I'm sitting here somewhat dumbfounded at what I just finished watching. Te came to the table with a thoroughly unexpected build, and WM showed that they either did their homework extremely well or they somehow have the ability to see into the future.
Once again, the map selection was a surprise, as Te opted for a condition-overload pressure build, hoping to work away at WM's Monks' energy pools and muscle their way to victory. But who could have planned for Life Bond on two characters, Mend Ailment on three, and an almost completely turtled War Machine team right off the bat?
Even so, Te should have had this match—of that, there is no doubt in my mind. They lost because they brought what I can only describe as a wasted Necromancer Skill Bar: no Well of the Profane, and no Death Nova. As soon as WM realized that the only corpse control they would have to deal with was Putrid Explosion, they had a field day with Te's pets. Bob and Paladin, playing Thumpers in this instance, were thus rendered only weak Hammer Warriors for the majority of the match, and I really wish I knew who to point the finger at for that one.
As soon as the gate dropped at the start of the match, WM had a clear strategy in mind: Delay until VoD, and make certain that Te wouldn't have any Bodyguards left when that time came. Life Bond went on the Assassin by way of the Mesmer, and off to the races he went, straight through both Flame Curse Sentinels, coming out on the other side by the skin of his teeth while the bonded Mesmer sort of evaporated. Oddly, he was only able to take out one Bodyguard, dying in the process, and putting a bit of a damper on what should have been a game-breaking move.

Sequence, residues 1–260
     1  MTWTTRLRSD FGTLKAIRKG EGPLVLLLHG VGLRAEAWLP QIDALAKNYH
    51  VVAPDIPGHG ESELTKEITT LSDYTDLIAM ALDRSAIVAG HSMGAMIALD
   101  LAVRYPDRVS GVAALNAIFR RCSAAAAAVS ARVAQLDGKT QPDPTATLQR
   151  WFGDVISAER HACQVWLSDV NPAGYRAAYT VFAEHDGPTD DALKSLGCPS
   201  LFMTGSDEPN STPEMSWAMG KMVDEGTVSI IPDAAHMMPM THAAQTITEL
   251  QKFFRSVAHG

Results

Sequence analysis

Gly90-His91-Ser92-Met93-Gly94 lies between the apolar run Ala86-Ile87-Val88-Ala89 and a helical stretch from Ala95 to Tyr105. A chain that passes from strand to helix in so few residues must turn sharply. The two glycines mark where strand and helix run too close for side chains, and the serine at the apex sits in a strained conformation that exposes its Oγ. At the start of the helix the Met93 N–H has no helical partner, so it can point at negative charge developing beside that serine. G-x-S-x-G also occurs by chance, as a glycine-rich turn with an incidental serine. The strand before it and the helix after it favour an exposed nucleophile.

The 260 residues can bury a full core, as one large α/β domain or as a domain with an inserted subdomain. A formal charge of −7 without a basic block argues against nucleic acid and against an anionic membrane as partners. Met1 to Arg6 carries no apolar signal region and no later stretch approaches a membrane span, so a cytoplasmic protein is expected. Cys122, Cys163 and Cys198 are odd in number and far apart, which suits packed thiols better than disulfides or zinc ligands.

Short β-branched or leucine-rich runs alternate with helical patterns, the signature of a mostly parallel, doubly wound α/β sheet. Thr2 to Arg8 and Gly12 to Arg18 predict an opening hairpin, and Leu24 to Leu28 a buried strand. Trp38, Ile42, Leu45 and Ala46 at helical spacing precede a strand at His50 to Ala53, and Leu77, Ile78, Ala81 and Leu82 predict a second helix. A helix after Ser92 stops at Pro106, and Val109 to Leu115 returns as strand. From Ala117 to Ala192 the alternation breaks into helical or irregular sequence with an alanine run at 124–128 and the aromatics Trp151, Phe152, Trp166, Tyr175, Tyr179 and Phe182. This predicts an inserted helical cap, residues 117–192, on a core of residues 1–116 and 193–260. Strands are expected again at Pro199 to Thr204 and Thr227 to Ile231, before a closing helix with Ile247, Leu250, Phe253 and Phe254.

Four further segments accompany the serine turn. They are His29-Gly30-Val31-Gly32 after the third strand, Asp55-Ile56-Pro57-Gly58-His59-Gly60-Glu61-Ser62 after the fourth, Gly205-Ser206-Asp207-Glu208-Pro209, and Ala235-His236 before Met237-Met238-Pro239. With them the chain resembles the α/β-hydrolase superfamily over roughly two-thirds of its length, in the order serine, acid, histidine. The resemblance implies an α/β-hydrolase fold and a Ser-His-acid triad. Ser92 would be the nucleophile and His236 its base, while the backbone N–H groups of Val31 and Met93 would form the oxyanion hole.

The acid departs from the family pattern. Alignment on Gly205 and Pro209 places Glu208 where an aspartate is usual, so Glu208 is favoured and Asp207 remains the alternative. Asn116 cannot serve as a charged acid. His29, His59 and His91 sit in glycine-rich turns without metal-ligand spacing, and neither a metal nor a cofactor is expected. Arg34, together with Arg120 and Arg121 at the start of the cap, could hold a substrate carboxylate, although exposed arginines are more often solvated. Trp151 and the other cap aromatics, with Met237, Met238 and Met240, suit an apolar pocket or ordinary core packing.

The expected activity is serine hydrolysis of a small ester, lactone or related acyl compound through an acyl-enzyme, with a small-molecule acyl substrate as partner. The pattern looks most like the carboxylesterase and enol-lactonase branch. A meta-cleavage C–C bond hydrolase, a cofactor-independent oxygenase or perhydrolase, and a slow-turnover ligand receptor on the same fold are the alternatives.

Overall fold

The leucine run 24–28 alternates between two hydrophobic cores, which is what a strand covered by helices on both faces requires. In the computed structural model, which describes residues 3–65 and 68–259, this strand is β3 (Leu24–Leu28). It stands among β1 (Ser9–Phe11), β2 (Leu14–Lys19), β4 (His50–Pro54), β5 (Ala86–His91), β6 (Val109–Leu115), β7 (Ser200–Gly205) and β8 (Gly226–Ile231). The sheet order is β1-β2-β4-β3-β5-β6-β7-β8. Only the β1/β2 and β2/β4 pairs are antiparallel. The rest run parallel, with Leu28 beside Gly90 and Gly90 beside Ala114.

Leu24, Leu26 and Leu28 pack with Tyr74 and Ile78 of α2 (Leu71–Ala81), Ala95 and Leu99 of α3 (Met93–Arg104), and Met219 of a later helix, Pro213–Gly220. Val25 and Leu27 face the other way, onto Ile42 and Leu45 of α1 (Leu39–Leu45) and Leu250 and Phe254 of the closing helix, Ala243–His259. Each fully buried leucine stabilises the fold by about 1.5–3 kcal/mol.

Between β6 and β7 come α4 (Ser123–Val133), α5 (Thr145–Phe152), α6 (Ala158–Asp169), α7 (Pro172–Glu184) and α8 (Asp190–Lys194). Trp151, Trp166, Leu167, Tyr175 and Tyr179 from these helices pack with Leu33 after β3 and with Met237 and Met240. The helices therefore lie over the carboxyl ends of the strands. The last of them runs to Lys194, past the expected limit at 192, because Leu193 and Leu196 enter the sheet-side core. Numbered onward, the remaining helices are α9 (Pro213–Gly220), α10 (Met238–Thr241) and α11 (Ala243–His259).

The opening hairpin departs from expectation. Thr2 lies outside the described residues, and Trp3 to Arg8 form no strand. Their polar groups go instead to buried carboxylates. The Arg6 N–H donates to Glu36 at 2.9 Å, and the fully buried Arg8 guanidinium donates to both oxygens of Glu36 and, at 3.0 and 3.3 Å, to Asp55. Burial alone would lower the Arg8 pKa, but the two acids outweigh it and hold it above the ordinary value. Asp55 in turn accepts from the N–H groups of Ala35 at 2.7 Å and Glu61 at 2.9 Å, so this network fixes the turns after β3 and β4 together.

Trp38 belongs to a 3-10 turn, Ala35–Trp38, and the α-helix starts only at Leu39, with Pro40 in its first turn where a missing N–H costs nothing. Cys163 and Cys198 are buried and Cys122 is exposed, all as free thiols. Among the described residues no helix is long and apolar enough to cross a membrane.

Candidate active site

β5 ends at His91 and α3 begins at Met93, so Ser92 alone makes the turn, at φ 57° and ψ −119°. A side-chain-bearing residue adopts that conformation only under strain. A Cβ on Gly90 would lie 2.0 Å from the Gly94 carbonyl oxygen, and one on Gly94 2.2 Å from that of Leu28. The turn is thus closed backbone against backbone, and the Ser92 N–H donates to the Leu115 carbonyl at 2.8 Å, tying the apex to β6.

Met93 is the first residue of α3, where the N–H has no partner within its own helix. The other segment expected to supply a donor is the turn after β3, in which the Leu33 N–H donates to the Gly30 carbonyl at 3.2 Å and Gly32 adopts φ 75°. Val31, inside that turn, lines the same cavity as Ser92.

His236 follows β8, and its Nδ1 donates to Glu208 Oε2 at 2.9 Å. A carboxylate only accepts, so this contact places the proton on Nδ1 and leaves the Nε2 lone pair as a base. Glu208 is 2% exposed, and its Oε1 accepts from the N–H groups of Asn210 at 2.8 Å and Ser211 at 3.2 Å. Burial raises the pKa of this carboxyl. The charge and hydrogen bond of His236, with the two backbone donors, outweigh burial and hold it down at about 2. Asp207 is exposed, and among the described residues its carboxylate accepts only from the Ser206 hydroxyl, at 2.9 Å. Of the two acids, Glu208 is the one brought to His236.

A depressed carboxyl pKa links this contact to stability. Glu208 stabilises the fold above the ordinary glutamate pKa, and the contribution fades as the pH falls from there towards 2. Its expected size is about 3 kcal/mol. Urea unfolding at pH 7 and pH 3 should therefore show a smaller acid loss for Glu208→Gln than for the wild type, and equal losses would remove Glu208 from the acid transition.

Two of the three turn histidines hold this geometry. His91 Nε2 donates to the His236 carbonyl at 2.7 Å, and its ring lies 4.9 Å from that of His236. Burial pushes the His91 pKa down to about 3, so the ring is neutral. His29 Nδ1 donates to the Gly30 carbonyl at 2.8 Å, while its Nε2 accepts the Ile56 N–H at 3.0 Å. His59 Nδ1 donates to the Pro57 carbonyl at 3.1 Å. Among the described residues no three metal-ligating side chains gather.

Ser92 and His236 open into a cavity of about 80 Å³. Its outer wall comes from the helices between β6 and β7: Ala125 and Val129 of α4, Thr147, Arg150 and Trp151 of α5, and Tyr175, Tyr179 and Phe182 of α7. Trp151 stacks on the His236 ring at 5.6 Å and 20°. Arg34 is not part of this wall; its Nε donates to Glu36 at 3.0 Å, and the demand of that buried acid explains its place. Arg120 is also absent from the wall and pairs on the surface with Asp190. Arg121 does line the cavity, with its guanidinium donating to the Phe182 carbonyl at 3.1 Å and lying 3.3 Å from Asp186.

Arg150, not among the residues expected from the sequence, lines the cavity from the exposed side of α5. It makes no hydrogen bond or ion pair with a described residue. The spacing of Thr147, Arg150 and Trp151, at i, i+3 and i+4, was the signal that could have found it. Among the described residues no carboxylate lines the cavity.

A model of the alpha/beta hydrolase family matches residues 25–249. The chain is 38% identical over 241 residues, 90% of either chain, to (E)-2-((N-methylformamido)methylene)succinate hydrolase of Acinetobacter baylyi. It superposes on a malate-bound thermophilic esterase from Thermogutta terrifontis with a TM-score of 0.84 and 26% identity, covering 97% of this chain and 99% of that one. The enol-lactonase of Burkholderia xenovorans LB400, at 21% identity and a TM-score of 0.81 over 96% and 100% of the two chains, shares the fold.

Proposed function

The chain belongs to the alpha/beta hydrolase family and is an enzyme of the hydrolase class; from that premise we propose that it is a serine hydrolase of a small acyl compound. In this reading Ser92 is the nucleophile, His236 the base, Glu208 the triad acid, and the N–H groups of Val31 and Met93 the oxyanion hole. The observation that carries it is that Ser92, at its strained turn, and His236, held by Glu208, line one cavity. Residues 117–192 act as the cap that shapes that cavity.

The next 20 minutes saw a great deal of fighting, but in all reality, they would have accomplished the same thing if they'd taken a page out of the EviL and iQ book and just stared at each other. Nearly all of Te's damage output was negated thanks to Life Bond, Mend Ailment, and Heal Party, alongside the DP thrust upon the poor pets, totalling up to a fantastically unproductive battle. Much credit has to go to Planeswalker, who played his Elementalist to perfection, always staying out of harm's way and able to switch off between shutdown and support. But around 25 minutes into the match, back went WM's Assassin, intent on finishing the job he started early on.
Scooting across the lava towards Te's base, accompanied shortly after by an Illusion Mesmer, WM's gank crew made quick work of Te's remaining Bodyguard and a handful of Archers before a response was sent back. But the damage had been done, and Te now needed some kind of miracle to overcome the odds.
The Victory or Death shout arrived, and Treacherous Empire's Thumpers rushed up to greet War Machine's almost completely untouched NPC armada. They held the NPCs up for a bit, but then the decision was made to fully engage. Trapped in a tight space, and taking heavy damage, they became weak targets for WM's spike and dual-Surge pressure, suffering death after death as they lost control of the flag stand and were forced back into retreat.
Where was the Well of the Profane? Where was the Death Nova? This series should have been heading for a third game, but instead an unfortunate gaff meant the potential for an all-American final flew out the window. The massive crowd boomed, the announcer shrieked, and the Koreans exploded into cheers as they put the killing blow on their opponent's Guild Lord just after the 38th minute.
Once again, Te fought their hearts out, and kept pushing until the very end, but they were simply unable to make a dent. War Machine proved to the world that they are still the most dangerous, unpredictable, and disciplined Guild Wars team on the planet, and will surely enter the championship match a hefty favorite. They're not here to make friends, they're here to win.